Skip to main content


 August 1, 2018

Visiting REU students explore photonics

Catherine Arndt explains her project at a poster session

Catherine Arndt, a rising senior at Baylor University, explains the project she did in Prof. Jaime Cardenas’ lab as part of the “Nano-, Bio-, and Quantum Photonics” research experience for undergraduates (REU) program offered through the Institute of Optics this summer. The program engages participating students in the frontiers of photonics research in nanoscience, bioscience and quantum science while at the same time providing them with experiences to recognize the excellent career opportunities, both academic and industry based, available in photonics. 

Catherine Arndt, who was introduced to ultra-thin nanoscale optical films at Baylor University, contributed to the study of similar materials at the University of Rochester’s Institute of Optics this summer.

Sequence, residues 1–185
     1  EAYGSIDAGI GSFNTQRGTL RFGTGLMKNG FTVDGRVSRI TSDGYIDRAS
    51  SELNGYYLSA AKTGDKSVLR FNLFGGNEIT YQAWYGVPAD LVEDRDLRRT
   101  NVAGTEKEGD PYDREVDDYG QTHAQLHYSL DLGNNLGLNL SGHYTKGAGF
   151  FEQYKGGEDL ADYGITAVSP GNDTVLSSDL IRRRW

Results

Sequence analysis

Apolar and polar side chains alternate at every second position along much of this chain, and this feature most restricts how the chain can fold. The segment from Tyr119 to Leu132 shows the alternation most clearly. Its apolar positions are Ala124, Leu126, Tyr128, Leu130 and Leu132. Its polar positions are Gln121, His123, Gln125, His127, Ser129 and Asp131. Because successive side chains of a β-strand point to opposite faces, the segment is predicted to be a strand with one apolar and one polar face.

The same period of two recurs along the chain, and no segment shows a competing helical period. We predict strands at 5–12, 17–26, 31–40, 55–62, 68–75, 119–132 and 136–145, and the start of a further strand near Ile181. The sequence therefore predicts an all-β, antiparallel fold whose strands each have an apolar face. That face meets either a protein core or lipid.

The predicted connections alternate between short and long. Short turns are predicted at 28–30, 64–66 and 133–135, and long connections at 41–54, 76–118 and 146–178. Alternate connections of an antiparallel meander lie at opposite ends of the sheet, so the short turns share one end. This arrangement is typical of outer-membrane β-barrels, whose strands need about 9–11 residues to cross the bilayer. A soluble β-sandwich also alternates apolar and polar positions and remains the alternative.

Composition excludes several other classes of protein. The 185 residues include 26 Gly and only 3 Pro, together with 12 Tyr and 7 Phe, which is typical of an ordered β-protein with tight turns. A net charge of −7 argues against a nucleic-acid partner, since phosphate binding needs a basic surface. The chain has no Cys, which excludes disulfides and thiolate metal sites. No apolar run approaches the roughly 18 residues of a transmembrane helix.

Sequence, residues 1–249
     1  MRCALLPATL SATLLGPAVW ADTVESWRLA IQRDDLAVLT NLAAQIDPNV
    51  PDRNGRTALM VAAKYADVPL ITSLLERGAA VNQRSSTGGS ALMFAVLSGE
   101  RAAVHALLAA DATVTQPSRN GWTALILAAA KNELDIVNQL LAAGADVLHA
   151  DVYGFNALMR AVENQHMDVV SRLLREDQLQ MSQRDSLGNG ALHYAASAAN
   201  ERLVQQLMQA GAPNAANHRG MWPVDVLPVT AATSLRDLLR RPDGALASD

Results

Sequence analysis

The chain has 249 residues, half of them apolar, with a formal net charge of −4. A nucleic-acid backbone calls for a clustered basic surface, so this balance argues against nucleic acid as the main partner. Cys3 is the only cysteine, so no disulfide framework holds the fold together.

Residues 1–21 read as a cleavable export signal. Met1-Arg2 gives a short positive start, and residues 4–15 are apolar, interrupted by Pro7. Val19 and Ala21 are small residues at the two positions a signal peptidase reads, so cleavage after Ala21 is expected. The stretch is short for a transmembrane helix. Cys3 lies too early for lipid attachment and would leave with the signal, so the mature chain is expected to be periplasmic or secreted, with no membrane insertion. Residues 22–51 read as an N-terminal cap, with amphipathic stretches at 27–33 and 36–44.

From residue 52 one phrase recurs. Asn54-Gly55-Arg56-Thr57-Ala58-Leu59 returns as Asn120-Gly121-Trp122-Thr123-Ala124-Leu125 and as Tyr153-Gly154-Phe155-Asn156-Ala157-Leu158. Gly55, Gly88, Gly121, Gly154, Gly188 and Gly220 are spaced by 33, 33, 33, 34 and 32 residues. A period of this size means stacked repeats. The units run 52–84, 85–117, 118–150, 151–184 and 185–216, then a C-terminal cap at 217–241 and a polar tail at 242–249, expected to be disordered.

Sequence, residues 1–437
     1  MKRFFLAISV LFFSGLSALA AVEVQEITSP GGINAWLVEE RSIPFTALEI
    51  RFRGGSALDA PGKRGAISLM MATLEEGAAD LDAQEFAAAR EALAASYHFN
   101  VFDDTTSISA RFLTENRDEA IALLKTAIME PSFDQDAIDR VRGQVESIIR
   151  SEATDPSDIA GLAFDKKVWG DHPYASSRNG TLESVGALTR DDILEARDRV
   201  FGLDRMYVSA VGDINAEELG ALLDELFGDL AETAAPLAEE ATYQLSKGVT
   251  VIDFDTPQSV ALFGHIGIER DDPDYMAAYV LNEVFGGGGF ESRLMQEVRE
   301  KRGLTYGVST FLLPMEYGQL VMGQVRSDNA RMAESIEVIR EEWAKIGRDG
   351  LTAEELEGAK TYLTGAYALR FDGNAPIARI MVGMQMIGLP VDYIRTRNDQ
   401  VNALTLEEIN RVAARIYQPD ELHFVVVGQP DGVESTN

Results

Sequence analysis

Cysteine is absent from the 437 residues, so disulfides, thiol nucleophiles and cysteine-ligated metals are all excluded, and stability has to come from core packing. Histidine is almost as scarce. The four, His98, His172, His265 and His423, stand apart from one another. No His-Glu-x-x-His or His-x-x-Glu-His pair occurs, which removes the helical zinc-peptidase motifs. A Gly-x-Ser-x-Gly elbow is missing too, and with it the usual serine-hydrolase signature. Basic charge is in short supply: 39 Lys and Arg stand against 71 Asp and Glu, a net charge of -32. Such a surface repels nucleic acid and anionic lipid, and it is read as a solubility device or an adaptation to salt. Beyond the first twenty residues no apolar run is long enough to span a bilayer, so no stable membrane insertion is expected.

Similarly, Zachary Manning, a physics student from Lawrence University in Appleton, WI, helped refine a new imaging technique for detecting dry eye, a disorder that is increasing in prevalence and can lead to cornea damage and reduced vision.

 Both were among 12 students from other universities participating in a new research experience for undergraduates (REU) program offered this summer by the Institute and the David T. Kearns Center for Leadership and Diversity.

 Funded with a grant from the National Science Foundation, the “Nano-, Bio-, and Quantum Photonics” REU matched the visiting students on projects with an interdisciplinary team of faculty members, scientists and graduate students from not only the Institute, but the departments of chemistry, dermatology, electrical and computer engineering, and ophthalmology, and the Laboratory for Laser Energetics.

 “This program was amazing,” says Arndt, a physics major and rising senior who started “looking into optics” as a result of working in the lab of Assistant Professor Howard Lee at Baylor University. His lab develops ultra-thin, nanoscale optical films with electrically tunable properties.

 “I learned about epsilon-near-zero materials, which can absorb various photons over various energies, and so I started researching that, and it developed into learning more about the materials and how they interact with photons,” Arndt said. “I really kind of fell in love with optics -- and Rochester is the place to study optics.”